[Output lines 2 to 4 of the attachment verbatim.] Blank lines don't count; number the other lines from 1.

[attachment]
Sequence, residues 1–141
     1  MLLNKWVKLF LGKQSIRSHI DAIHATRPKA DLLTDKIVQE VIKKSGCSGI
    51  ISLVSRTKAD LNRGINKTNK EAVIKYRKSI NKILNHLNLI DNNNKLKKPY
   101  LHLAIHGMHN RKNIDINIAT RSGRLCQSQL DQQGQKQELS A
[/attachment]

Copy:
     1  MLLNKWVKLF LGKQSIRSHI DAIHATRPKA DLLTDKIVQE VIKKSGCSGI
    51  ISLVSRTKAD LNRGINKTNK EAVIKYRKSI NKILNHLNLI DNNNKLKKPY
   101  LHLAIHGMHN RKNIDINIAT RSGRLCQSQL DQQGQKQELS A